BY LIISA VÄHÄKYLÄ, FINNANIMATION, EXECUTIVE DIRECTOR
The author has been the executive director for Finnanimation, the Finnish animation producers’ network since 2009. She has travelled to China many times since 2004; in 2015 she spent 4 weeks in Xian studying the language and 6 weeks in Beijing and Chengdu negotiating with potential partners and collaborators.
Five years ago when Finnanimation, the animation producers’ network in Finland, started working on its Asia Strategy, not as many Europeans were interested in Asian film and media market, as they are now. Game companies put all their efforts towards the west, and live-action producers at least in Finland, after the Jade Warrior movie was released in 2006, showed no interest in the hiding entertainment giant.
The film, Niko – The Way to the Stars, got the first presale agreement with China in 2006, and Dibidogs also started production in Southern China in 2008. This only happened after the Asia TV Forum in 2010 where Finnish animation producers had a booth for the first time and decided to investigate the dynamics of the Asian animation industry more thoroughly. The Finnish booth was organised as a joint event with Audiovisual Finland, but only animation companies came along.
Things in Asia were happening fast and big. In 2007 the Asian animation business grew over Europe, but it was considered a low-priced import.
It is well known that the more experience you gain, the more your talent grows. This has happened with the quality of Asian animation as well. South Korea is possibly the best example of that, but China and India will follow.
My Asian studio tour with Finnanimation got started in Singapore, where we have been introduced to the co-production possibilities and financing through MDA, Media Development Authority that both invests and supports co-productions. Some French studios had found that opportunity too, but not much was yet done. The Singaporean visit was followed by Hong Kong, South Korea, Mainland China and Malaysia. Malaysia has developed their financing model equivalent to the one in Singapore. It is governed by the MDec, Multimedia Development Corporation.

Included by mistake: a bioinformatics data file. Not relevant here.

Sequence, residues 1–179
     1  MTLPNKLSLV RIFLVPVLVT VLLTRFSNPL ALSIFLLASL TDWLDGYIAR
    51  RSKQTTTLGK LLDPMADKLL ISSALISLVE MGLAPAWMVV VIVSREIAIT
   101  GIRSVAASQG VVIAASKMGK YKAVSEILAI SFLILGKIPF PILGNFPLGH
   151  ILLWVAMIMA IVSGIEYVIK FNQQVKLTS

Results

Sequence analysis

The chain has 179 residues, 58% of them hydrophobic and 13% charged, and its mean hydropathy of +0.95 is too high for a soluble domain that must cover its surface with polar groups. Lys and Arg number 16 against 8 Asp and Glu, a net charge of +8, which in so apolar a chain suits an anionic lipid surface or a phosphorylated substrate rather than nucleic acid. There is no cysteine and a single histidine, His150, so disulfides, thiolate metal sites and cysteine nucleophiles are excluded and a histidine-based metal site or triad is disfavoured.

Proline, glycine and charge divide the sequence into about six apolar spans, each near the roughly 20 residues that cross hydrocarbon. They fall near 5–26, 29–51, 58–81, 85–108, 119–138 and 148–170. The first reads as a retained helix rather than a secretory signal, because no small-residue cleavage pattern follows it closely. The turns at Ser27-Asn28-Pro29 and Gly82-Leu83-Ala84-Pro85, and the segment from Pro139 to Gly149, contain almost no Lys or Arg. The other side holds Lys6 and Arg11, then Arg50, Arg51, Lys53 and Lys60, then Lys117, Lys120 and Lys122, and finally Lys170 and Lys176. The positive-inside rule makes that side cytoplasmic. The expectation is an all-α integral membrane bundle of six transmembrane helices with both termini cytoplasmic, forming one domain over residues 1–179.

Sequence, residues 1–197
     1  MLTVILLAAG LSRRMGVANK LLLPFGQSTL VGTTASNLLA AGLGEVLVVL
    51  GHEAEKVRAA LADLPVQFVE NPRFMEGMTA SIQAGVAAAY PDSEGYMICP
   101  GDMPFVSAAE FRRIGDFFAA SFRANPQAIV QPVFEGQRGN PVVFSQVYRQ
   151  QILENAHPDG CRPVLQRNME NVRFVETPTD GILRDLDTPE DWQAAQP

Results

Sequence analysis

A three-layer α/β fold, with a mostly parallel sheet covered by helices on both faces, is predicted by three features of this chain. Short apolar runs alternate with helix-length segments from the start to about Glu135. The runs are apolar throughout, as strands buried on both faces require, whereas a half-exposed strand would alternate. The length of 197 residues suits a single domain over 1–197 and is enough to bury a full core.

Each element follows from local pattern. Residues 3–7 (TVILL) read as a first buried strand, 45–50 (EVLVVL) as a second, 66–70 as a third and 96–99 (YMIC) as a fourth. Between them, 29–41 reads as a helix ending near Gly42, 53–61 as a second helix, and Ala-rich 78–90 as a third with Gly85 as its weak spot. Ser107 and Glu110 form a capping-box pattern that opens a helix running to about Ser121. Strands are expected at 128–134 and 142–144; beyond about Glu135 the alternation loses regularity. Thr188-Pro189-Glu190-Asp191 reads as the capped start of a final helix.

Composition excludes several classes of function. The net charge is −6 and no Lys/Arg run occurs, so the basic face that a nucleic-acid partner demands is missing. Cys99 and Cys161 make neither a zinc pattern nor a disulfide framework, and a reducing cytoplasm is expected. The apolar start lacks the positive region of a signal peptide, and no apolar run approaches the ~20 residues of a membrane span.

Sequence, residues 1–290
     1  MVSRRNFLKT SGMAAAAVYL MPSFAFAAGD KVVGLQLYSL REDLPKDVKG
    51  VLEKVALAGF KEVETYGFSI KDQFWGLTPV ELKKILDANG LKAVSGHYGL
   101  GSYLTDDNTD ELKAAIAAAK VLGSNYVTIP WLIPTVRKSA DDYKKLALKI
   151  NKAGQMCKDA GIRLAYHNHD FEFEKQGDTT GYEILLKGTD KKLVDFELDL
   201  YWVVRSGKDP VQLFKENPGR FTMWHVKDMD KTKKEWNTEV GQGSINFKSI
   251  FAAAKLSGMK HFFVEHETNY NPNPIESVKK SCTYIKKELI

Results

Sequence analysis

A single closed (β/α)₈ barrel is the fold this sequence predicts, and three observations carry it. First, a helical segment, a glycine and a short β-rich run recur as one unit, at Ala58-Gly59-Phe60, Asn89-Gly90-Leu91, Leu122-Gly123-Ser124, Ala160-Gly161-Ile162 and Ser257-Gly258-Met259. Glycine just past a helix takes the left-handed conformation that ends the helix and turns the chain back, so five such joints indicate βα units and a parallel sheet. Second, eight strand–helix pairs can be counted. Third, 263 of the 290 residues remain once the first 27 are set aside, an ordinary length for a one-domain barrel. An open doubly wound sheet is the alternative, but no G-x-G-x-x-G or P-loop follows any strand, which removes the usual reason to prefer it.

The Korean financing model, on the contrary, did not have much relief in co-producing our TV-series in development, as Korean companies were fully aware of the 30% they would have to put up against our 70% as stated in the EU regulations. In India very few still consider a co-production as their choice, whereas in China and Japan the awareness of co-production possibilities has been rising.
A strategy for Asia has from us required a long-term commitment with a few immediate results. One example is the Tokyo Anime Fair,
where we got invited one year after the Fukushima nuclear disaster. Due to the radiation, the event got cancelled in 2011, and the following year the Japanese wanted to open to the world. Thanks to the Moomin, still hugely popular among the Japanese, we gained lots of attention for a small country, next to bigger countries like Canada and France. However, the results only came to fruition last year when an agreement between a Finnish company and a Japanese agent was signed. The very same guy came to our booth in 2012 and was already then interested in making business with the Finns.
Why is Finnanimation so interested in the Asian animation industry?
The main focus of the Asian strategy for us has been China from the very beginning. Its huge potential rivals any other market. There are 9 to 10 new film screens opened in China every day according to the statistics from 2013. The official number of TV stations in the country states 2000, but no one seems to know the exact number. At the box offices they make new records quarter after a quarter, but still very little foreign content is seen either on a big screen or the smaller screens. The mobile industry and ecommerce are growing fast, so that the main players in China, Tencent and Alibaba, now acquire film studios from Hollywood along with huge investments in their blockbusters.
We believe that there is a Nordic animation boom, as Variety magazine defined it in 2014, and it definitely has export value in Asia. To make our content more visible, we should co-operate in order to make the Chinese and other Asians interested in us.
On my latest trip to Beijing I had talks at the Danish Culture Institute on the co-production treaty they have been working on for a while. Their treaty could be the working model for other Nordic countries as well, while UK, France, Italy and The Netherlands already have their treaties with China. When co-produced under the treaty, a foreign movie would not need the standard quota needed for the cinema screening in China, which is otherwise required. It would be considered like a Chinese film in China. As all the quotas tend to go to the Hollywood blockbusters, it leaves alternative films and smaller producers very little options to either to show the film online or at a specific film festival or other cultural screening. In project development you have to be aware of and include the Chinese element. You might need to make your hero a bit Asian looking or include an old legend from there, but if we look at all the legends as coming from a same base, there is not much difference in them. Universal themes matter everywhere.
Liisa Vähäkylä speaks about strategies for approaching Asia on Tuesday March 15th